Easy American Goulash

$10.96 recipe / $1.83 serving
by Beth - Budget Bytes
4.72 from 77 votes
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Oh my goulash, you guys. It’s not often that I use wine in my cooking because it can be pretty pricey, but something magical happens when you add red wine to beef, and it’s something that I just can not resist. Luckily I live near an Aldi store now so I can get a bottle of wine for about $5 that is not only good enough to cook with, but good enough that I’ll happily drink the rest of the bottle with my meal. This One Pot American Goulash is the ultimate comfort food with the richest, most yummiest red sauce ever, thanks to a splash of red wine. Seriously, you’ve got to try this one.

A bowl of warm and comforting One Pot American Goulash with Red Wine Sauce

Do I Need Red Wine in my Goulash?

If you want this dish to be as scrumptious as humanly possible, yes. But if you can’t use red wine, you can substitute beef broth in its place. You’ll still have a pretty rockin’ red sauce, but it just won’t be like “make me weak in the knees” good.

Where’s the Paprika?

This is American Goulash, which is basically just beef, macaroni, and red sauce. It’s totally different than Hungarian Goulash. So if you’re looking for chunks of beef that have been slow simmered in a delicious paprika sauce, this is not it. This is just straight up American comfort food.

Can You Freeze Goulash?

Yes! This One Pot American Goulash recipe is very freezer-friendly. Just make sure to cool the goulash completely in the refrigerator first, then transfer to the freezer for long term storage. I suggest freezing goulash for three months maximum. And remember, label and date everything that goes in your freezer!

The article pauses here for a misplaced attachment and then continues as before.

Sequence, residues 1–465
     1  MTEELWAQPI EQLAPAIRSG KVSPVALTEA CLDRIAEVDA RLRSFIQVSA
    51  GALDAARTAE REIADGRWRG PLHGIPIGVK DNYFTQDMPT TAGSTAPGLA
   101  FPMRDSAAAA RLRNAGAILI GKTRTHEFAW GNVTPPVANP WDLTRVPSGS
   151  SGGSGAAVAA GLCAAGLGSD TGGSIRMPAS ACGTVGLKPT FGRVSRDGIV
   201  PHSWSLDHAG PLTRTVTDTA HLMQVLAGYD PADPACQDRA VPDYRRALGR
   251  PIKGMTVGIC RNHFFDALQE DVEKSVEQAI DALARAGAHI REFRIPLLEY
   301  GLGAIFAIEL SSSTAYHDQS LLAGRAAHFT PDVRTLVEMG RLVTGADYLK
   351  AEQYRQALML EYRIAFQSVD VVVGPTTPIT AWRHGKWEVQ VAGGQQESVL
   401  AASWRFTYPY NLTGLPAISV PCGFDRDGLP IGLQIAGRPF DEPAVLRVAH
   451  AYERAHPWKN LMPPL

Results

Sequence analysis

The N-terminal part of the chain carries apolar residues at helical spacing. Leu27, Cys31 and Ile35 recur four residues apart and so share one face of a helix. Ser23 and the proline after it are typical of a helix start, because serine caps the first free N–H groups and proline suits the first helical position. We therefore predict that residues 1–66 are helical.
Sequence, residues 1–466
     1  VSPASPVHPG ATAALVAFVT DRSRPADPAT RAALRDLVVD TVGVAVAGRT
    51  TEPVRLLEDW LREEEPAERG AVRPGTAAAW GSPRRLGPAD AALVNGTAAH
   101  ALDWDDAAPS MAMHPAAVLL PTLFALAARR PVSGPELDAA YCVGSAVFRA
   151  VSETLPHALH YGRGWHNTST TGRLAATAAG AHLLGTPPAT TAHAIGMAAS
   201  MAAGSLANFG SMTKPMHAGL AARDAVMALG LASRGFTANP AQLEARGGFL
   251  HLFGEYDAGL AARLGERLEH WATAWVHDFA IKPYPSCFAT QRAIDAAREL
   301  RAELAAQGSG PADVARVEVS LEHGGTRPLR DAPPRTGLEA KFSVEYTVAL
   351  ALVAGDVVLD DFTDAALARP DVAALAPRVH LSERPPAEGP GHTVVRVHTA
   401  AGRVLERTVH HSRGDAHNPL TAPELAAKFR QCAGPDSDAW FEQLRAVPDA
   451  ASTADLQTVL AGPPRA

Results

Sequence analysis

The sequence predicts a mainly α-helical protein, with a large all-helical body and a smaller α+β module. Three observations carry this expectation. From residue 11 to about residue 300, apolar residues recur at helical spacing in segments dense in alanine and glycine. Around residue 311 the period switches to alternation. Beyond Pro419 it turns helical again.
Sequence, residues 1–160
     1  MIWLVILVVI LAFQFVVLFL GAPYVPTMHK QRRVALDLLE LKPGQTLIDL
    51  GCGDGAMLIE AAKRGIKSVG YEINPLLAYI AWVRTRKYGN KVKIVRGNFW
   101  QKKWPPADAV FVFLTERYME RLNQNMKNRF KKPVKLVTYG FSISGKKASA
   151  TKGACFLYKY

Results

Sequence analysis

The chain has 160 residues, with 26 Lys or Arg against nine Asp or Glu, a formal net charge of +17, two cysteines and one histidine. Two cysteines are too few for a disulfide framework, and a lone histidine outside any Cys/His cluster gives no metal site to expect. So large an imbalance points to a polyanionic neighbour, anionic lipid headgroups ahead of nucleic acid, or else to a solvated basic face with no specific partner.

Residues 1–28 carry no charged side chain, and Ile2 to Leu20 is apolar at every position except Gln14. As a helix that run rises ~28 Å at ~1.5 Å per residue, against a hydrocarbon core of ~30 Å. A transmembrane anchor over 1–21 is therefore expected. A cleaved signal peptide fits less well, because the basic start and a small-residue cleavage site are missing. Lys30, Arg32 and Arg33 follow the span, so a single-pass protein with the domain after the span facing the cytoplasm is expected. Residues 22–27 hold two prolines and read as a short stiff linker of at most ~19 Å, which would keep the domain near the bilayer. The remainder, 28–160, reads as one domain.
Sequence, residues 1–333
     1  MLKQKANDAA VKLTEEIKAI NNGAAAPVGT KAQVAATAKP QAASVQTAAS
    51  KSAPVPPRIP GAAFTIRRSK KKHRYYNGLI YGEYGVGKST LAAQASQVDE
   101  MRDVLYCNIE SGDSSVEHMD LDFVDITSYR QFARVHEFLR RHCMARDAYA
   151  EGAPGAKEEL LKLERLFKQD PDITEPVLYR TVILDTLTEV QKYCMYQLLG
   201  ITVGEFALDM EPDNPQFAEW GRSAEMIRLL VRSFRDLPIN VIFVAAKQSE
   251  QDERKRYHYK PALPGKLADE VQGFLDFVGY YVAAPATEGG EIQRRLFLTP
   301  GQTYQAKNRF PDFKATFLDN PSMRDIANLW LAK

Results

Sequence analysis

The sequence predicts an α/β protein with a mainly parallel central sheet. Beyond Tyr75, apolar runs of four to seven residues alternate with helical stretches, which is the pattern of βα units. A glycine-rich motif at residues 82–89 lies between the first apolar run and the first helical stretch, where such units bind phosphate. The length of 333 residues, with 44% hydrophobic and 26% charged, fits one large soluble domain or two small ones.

What Do You Eat with Goulash?

I would consider this a “one pot meal” which means this one dish covers everything you need in a meal: carbs, proteins, and vegetables. If anything you might want some crusty bread to sop up that delicious gravy, or maybe a green salad on the side for extra vegetables.

Can I Add Cheese?

Yes! A common twist on this recipe is American Goulash with cheese. I would choose medium or sharp cheddar, and simply sprinkle it over top of each bowl, or stir it into the pot to give an overall cheesy flavor, similar to my Cheesy Vegetarian Chili Mac.

What Kind of Pot Should I Use?

Any large, heavy duty soup pot will work well for this recipe. For “one pot pastas” you really need cookware that is thick and heavy, so the contents heat evenly. Thin cookware will create hot spots and cold spots, and cause the pasta to cook unevenly. I used an enamel coated cast iron Dutch Oven, which can be found in my Amazon Shop.

Want more One Pot answers to dinner? Check out our archive of over 50 One Pot Meals!

close up of american goulash in the pot

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Easy American Goulash

4.72 from 77 votes
This easy one pot version of American Goulash cooks the pasta and beef in the same pot with a homemade red wine tomato sauce for extra flavor. 
close up of american goulash in the pot
Servings 6 About 1.5 cups each
Prep 10 minutes
Cook 1 hour
Total 1 hour 10 minutes


  • 1 Tbsp olive oil ($0.16)
  • 1 yellow onion ($0.32)
  • 4 cloves garlic ($0.32)
  • 2 bell peppers ($1.58)
  • 1 lb ground beef ($5.29)
  • 1/2 cup red wine* ($0.72)
  • 1 28oz. can diced tomatoes ($0.89)
  • 1 15oz. can tomato sauce ($0.59)
  • 2 Tbsp soy sauce ($0.12)
  • 2 whole bay leaves (optional) ($0.30)
  • 1/2 tsp dried oregano ($0.05)
  • 1/2 tsp dried basil ($0.05)
  • 1/4 tsp crushed red pepper ($0.02)
  • 1/2 cup water ($0.00)